FDA Warns Promoters of Herbal Addiction Treatments

By Pat Anson, Editor

The U.S. Food and Drug Administration is following through on its threat to crackdown on companies selling kratom and other herbal supplements as treatments for opioid addiction and withdrawal.

The FDA and the Federal Trade Commission (FTC) have sent joint warning letters to the distributors of 15 herbal supplements for illegally marketing unapproved products.

“The FDA is increasingly concerned with the proliferation of products claiming to treat or cure serious diseases like opioid addiction and withdrawal,” said FDA Commissioner Scott Gottlieb, MD. “People who are addicted to opioids should have access to safe and effective treatments and not be victimized by unscrupulous vendors who are trying to capitalize on the opioid epidemic by taking advantage of consumers and selling products with baseless claims.”

The companies used websites or social media to make claims about their products' ability to cure, treat or prevent opioid withdrawal and addiction.

TaperAid, for example, claims its “17 all-natural organic herbs” can relieve symptoms of withdrawal and even reduce tolerance to opioid painkillers.

“Use of TaperAid may increase sensitivity to opioids. You may need to lower your usual intake of opioids to account for reduced tolerance,” the company claimed. “People using short acting opioids (which includes many pain management medications and heroin) will notice a significant lowering of tolerance to their opiate of choice.”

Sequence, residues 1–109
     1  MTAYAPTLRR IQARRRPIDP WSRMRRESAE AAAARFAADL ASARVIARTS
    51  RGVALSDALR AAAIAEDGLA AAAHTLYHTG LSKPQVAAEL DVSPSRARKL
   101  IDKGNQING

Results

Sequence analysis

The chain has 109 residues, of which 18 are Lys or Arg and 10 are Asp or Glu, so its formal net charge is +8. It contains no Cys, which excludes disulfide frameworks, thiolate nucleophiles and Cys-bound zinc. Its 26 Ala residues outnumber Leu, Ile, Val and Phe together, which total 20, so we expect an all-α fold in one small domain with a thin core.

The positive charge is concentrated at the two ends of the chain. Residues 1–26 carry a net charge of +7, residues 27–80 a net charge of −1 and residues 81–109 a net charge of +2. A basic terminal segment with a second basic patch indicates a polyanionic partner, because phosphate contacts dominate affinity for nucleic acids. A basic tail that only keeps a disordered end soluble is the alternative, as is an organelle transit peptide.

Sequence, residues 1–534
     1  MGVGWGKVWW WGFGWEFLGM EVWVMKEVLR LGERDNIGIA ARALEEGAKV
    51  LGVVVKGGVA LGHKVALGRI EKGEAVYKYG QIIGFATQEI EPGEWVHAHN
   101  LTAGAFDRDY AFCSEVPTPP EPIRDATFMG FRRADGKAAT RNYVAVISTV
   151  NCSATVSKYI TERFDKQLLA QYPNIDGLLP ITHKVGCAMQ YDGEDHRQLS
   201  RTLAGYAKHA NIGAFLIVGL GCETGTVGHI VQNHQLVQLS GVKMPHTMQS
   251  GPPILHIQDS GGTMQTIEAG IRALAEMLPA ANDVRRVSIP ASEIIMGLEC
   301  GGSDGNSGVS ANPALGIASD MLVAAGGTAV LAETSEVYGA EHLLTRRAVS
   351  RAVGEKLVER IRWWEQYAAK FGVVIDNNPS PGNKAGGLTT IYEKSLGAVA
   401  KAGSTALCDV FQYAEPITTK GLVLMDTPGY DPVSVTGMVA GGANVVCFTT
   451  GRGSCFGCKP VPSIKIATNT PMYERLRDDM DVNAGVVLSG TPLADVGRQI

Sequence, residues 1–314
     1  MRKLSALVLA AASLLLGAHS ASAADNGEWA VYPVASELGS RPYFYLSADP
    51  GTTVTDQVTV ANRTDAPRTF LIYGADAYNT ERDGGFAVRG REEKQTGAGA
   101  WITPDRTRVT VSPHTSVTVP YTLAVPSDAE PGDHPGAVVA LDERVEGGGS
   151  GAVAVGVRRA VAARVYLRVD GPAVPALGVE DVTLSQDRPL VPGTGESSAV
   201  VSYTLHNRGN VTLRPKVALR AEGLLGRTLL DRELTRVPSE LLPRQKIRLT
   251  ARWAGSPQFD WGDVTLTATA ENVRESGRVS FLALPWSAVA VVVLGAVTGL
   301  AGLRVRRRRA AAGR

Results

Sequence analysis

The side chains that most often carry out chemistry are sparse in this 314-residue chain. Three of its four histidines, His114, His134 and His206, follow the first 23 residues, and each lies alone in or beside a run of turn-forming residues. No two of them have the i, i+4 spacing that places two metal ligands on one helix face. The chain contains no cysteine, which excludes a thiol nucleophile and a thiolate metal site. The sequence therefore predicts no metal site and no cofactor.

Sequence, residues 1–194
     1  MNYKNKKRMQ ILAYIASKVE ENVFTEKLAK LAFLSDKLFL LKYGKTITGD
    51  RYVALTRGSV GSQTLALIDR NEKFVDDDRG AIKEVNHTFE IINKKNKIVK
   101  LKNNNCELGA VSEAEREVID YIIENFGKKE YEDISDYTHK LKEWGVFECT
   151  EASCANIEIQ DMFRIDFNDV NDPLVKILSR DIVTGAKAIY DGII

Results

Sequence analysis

TaperAid’s website and Facebook account have been taken down, although a TaperAid review can still be found on YouTube.

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“Opioid addiction is a serious health epidemic that affects millions of Americans,” said acting FTC Chairman Maureen Ohlhausen. “Individuals and their loved ones who struggle with this disease need real help, not unproven treatments.”

In addition to the warning letters, the FTC released a “fact sheet” warning consumers about companies that promise miracle cures or fast results.

“Dietary supplements – such as herbal blends, vitamins, and minerals – have not been scientifically proven to ease withdrawal or to treat opioid dependence,” the FTC warned. “Products like Kratom, which some claim can help, are actually not proven treatments, and can be addictive and dangerous to your health.”

The FDA issued a public health advisory about kratom last November, saying there was “no reliable evidence to support the use of kratom as a treatment for opioid use disorder.”

Kratom comes from the leaves of a tree that grows in southeast Asia, where it has been used for centuries for its medicinal properties.  Millions of Americans have discovered kratom in recent years, and use it to treat addiction, chronic pain, anxiety and depression. The herb is not approved by the FDA for any medical condition. 

In 2016, the Drug Enforcement Administration attempted to list kratom’s two active ingredients as Schedule I controlled substances, which would have made it a felony to possess or sell kratom. The DEA suspended its plan after a public outcry, saying it would wait for a scheduling recommendation and medical evaluation of kratom from the FDA. Over a year later, that report has still not been released.